It’s also important to make a quick note about causality. From what I’ve seen, most minds have protections in place to make them robust against perturbation. This also seems to be evident in the literature. Just look at any list of biases to see that human minds, at least, seem to be structured to resist change. That said, sometimes unexpectedly small causes can produce large cascades of massive change. As far as I can tell, this can really only occur if the system happens to be unstable in just the right way for that particular cause. Unfortunately, our minds sometimes get themselves into just such a state. When they do, what seems like a tiny thing can result in a downward spiral of self destruction with truly unfortunate consequences for everybody with the misfortune of being involved. That’s why I deleted every version of this post before I committed to using zero explicit examples: you can never tell what tiny thing might set somebody down that path.

[ETA] But I don’t think that should lead to paralysis, or excessive caution. It’s important to be aware of these things, while still getting on with the business of actually being a causal agent in the world. Most humans are pretty robust, and can tollerate a few mistakes. I should have made that clearer in the original text. Even so, the entire point isn’t as close to topic as it could have been, leading to misunderstandings as to the intent of the essay. Again, my goal was to refute the claim that “words can not cause harm”, nothing more.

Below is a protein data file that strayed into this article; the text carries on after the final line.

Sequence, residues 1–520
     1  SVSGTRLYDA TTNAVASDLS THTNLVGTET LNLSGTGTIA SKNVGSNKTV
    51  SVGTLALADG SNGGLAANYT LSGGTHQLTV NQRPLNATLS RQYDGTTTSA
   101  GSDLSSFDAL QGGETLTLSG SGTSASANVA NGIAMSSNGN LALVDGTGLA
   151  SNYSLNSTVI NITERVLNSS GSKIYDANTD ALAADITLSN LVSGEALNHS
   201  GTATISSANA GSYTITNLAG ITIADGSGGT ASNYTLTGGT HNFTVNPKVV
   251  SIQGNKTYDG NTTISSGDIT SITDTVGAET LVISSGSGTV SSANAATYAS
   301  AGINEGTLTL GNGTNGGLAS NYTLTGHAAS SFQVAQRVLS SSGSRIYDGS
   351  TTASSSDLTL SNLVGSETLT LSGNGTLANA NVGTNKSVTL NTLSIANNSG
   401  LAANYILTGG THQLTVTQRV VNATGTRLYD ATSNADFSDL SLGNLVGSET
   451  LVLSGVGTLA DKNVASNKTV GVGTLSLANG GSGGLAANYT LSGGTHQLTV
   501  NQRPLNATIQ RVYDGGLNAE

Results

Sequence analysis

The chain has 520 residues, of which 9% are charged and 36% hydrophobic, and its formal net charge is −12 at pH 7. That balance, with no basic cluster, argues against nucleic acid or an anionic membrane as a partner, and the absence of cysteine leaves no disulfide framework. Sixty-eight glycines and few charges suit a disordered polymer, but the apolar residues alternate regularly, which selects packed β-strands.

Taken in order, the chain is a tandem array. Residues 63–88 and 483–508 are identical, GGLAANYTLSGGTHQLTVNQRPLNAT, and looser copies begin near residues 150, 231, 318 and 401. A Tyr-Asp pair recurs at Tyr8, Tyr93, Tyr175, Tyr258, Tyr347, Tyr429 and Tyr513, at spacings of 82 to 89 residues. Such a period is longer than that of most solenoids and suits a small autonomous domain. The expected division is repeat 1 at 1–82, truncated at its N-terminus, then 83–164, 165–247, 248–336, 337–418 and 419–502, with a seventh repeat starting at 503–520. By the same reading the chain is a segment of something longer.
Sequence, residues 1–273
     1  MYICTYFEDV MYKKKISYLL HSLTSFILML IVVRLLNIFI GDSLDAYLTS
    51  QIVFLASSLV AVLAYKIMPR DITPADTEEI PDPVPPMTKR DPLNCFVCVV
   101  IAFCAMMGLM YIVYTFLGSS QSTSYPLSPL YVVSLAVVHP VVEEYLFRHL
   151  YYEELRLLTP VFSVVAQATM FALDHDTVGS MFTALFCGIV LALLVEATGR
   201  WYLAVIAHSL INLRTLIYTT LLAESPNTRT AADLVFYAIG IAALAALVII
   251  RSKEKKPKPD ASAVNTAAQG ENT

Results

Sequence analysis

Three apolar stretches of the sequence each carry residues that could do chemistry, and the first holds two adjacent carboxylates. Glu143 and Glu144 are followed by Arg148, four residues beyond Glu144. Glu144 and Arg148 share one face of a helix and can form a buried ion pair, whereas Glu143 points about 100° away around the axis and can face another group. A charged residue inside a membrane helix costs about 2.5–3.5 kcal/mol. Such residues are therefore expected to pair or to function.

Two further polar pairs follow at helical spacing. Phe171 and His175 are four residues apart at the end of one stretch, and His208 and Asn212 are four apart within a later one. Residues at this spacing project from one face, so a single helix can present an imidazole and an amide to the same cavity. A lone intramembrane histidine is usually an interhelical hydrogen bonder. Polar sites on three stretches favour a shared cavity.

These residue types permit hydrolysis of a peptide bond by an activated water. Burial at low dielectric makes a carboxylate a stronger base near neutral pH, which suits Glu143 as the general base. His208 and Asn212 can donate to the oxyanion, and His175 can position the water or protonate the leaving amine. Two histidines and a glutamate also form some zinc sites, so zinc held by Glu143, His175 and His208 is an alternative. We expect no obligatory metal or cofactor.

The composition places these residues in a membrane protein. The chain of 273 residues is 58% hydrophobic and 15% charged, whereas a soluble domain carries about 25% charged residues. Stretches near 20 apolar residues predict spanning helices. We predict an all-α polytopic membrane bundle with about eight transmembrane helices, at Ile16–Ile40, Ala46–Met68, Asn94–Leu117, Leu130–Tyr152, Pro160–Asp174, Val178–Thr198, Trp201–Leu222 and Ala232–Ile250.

⚠️ Fair warning, if any [concrete] examples of words that might cause harm show up in the comments, they run an extremely high risk of moderation on the basis that such an example is made of words that were chosen because they might cause harm. If you are unsure, at least hide the questionable phrases behind spoiler protection.

That said, it is important that we are able to discuss this topic. If I didn’t believe that, I wouldn’t have bothered figuring out how to write this post as ethically as possible for publication.

If you choose to comment, please be especially careful with your words.